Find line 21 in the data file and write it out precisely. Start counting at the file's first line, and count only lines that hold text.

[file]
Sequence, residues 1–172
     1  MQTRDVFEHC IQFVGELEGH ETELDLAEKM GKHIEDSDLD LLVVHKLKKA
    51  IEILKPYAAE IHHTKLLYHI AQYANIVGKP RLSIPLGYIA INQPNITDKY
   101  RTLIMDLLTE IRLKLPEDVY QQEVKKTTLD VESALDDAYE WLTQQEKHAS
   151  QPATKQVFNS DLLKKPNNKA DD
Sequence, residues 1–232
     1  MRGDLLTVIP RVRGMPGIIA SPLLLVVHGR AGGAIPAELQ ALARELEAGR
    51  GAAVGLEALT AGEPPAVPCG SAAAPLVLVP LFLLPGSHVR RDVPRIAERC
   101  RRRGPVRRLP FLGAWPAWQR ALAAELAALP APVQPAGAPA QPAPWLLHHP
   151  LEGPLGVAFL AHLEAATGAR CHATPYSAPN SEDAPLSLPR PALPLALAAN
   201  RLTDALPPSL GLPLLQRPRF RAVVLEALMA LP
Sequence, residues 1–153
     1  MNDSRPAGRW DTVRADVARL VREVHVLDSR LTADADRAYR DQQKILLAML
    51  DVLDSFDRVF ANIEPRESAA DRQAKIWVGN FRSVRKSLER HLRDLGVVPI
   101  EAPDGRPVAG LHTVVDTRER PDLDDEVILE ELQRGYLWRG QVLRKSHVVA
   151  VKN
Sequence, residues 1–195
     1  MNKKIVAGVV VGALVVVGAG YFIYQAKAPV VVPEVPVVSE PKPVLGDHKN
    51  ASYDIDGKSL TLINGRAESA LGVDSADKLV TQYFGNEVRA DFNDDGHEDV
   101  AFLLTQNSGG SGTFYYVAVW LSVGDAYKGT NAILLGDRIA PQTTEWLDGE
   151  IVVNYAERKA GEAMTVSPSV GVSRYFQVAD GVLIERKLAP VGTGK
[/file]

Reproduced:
   151  IVVNYAERKA GEAMTVSPSV GVSRYFQVAD GVLIERKLAP VGTGK